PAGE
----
TheCorporateCounsel.net

July 27, 2009

Corp Fin Finishes Overhaul of its “Accounting Training Manual”

On Friday, Corp Fin posted an updated “Financial Reporting Manual” to include a new section — Topic 4: Independent Accountants’ Involvement — as well as other changes. So it looks like the Staff has finished its overhaul of what used to be called the “Accounting Training Manual,” a process that commenced at the end of ’08.

Yes, the PDF version of the Manual still bears that legend “For Division of Corporation Finance Staff Use Only” and includes a disclaimer about the informal nature as guidance, even though the SEC now makes the Manual publicly available. But the HTML version does not…

Deutsche Bank’s Internal Investigation: Shareholder Engagement, Austin Powers Style

Recently, it has been reported that Deutsche Bank is conducting an internal investigation regarding potential improper surveillance (see the articles in the WSJ and NY Times). What caught my eye was that an activist shareholder appeared on the list of “targets.”

Allegedly, DB hired private investigators to pose as vacationers renting the shareholder’s house in order to spy on him. This raises some important questions: What are the ethical obligations of a company? Is this an isolated or widespread problem? Are corporate-shareholder hostilities on the rise? Did the investigators get their rental deposit back?

In his IR Café, Dick Johnson provides analysis about the ethical implications of this type of investigation. Here is an excerpt:

My point on ethics and personal responsibility is this: In the heat of battle, when the company is under attack and the world looks like “Us vs. Them,” be careful. Go back to your core principles: telling the truth, obeying the law, treating others as you would want to be treated, whatever convictions shape your outlook on life. Seek guidance in places like the NIRI Code of Ethics: Although codes won’t offer a specific rule for something like hiring a private eye, they do provide principles.

And consider how any action you take might appear in the harsh light of public disclosure a year or two later. Your responsibility to decide on your actions isn’t erased because you’re part of a larger corporate staff. Taking a stand just might save the company from serious reputational damage. And, down the road, it might keep you out of a headline that says “… Fires Two in (Whatever) Probe.”

The United Kingdom’s Financial Services Authority: Death Row?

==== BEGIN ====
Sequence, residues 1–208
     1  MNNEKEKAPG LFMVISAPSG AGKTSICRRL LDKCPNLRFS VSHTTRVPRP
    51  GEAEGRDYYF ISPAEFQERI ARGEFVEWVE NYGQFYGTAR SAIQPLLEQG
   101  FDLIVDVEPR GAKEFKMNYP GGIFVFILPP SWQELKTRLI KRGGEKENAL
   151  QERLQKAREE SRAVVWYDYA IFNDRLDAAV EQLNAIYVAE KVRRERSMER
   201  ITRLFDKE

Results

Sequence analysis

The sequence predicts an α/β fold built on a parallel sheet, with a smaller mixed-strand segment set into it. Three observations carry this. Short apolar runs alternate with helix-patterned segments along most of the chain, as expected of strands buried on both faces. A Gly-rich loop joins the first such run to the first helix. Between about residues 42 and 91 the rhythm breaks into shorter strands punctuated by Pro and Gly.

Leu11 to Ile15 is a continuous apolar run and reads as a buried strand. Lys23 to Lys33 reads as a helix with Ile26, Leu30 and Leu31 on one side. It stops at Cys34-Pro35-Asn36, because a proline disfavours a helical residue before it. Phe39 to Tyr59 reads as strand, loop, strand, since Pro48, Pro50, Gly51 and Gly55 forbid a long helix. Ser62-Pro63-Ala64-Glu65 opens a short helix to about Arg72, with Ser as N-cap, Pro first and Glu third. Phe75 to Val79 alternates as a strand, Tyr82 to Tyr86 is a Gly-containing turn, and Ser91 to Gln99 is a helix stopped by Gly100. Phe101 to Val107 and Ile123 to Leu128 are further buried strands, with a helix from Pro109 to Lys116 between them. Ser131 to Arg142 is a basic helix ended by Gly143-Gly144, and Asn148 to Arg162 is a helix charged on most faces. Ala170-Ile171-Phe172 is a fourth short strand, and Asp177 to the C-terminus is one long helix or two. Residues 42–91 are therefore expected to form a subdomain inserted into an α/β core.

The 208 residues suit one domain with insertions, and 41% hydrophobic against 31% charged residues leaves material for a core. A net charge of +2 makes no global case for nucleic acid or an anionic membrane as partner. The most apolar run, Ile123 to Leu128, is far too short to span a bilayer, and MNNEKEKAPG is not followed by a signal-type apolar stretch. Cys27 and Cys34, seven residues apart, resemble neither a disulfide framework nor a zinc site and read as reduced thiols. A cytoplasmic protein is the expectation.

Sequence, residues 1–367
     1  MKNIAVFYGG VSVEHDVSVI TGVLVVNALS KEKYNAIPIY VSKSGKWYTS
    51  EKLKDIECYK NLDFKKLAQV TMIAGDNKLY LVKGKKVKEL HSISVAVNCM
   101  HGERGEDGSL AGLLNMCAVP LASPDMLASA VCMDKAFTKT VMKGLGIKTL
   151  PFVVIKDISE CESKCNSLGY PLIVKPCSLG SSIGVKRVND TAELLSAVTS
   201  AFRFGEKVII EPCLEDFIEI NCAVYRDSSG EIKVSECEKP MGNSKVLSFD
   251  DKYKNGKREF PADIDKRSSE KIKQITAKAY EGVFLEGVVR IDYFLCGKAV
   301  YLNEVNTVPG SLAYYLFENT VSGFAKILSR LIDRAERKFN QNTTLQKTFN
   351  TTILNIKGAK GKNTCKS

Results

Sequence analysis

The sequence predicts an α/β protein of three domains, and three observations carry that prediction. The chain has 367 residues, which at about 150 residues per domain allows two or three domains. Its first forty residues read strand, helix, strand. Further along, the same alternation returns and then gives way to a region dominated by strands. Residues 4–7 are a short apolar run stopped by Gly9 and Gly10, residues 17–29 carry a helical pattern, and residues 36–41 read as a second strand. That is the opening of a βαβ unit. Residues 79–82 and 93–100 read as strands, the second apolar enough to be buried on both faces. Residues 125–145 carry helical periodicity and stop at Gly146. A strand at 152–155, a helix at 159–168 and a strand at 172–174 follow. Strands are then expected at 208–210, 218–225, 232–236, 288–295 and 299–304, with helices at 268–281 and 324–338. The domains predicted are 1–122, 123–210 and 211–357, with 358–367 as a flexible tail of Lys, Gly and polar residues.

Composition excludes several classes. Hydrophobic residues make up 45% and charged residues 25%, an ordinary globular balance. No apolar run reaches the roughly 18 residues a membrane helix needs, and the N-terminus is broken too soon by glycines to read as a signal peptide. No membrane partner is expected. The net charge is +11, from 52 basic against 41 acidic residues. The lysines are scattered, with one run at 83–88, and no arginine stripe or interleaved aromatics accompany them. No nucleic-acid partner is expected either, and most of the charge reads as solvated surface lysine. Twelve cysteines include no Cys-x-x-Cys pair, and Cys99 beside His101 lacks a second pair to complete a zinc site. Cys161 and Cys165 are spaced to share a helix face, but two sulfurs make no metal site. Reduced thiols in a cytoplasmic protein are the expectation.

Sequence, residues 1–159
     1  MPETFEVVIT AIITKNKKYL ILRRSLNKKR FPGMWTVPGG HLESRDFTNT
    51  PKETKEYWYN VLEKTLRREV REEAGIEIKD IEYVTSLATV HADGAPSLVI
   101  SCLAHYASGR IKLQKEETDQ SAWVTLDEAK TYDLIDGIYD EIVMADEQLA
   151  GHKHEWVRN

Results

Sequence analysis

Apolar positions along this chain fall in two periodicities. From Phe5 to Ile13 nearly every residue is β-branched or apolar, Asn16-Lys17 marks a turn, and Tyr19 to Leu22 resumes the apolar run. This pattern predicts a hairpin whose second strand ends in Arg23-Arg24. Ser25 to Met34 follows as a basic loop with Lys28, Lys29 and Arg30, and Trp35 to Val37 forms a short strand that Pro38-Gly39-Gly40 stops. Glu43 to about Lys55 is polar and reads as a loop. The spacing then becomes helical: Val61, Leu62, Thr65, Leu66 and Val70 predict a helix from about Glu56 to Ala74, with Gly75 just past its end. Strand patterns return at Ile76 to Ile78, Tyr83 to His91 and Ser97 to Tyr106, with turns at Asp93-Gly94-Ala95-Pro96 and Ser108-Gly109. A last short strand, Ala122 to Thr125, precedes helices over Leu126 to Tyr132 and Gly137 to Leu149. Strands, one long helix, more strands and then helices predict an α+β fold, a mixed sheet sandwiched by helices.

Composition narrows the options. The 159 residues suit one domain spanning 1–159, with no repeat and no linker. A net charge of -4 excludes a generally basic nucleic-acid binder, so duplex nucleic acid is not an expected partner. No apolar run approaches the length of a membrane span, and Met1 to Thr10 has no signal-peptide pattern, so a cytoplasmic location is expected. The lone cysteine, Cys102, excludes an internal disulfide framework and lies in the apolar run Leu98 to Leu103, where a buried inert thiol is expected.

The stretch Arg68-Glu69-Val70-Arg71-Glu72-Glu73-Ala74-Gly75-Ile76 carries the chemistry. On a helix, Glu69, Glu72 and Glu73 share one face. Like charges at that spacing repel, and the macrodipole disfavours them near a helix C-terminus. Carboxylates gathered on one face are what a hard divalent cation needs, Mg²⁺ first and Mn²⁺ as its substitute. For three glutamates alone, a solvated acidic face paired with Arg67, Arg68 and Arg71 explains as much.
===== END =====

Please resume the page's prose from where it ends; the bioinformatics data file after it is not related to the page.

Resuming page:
In the US, the Securities & Exchange Commission has been under fire for its role in the financial crisis. I count the SEC Chair as having testified on the Hill four times in just the past two weeks alone. But I don’t think abolishing the SEC is really on the table. Compare that with the potenial fate of the UK’s Financial Services Authority (just as the FSA is pushing harder). Here is some commentary from Neil Macleod of Fried Frank:

On 20 July, the opposition Conservative Party, which is currently viewed as likely to win the next UK election (which must be held by next June), and so likely to form the next government, published its proposals to reform the structure of UK financial regulation.

The most striking proposal is that Conservatives will abolish the Financial Services Authority (the “FSA”) and the current tripartite structure under which regulatory responsibilities are divided between the Treasury, the Bank of England and the FSA. At the same time, they will increase the powers of the Bank of England. The Bank will be responsible for macro-prudential regulation – i.e., monitoring and controlling risks to the financial system as a whole. The regulation of all banks, building societies and other significant institutions, including insurance companies, will also be transferred to the Bank. Many of the remaining functions presently exercised by the FSA will be transferred to a new Consumer Protection Agency.

The reasoning behind these proposals is that the Conservatives view the FSA as having failed to identify or prevent the problems in the UK banking system. They also consider that there was a failure in the coordination between the tripartite authorities, and that there was a lack of effective procedures to deal with failing banks.

The Conservatives therefore propose that any institution whose regulation requires prudential judgment will be regulated by the Bank of England. Those small firms such as insurance and mortgage brokers, stockbrokers and small asset managers whose regulation is not mainly concerned with prudential judgment, but primarily concerned with protecting consumers, will be overseen by the new Consumer Protection Agency.

The Conservatives have said that they will consult on which regulatory authority should take on the FSA’s various other responsibilities, including markets and securities regulation, the registration of individuals and the FSA’s listing authority responsibilities.

The reaction to the proposals has been mixed. Whilst many have welcomed the idea of transferring banking regulation back to the Bank of England, others have pointed out the disruption that these proposals are likely to bring to the industry. There is also concern that the FSA will become a lame duck regulator if it is widely viewed as being likely to be abolished.

- Broc Romanek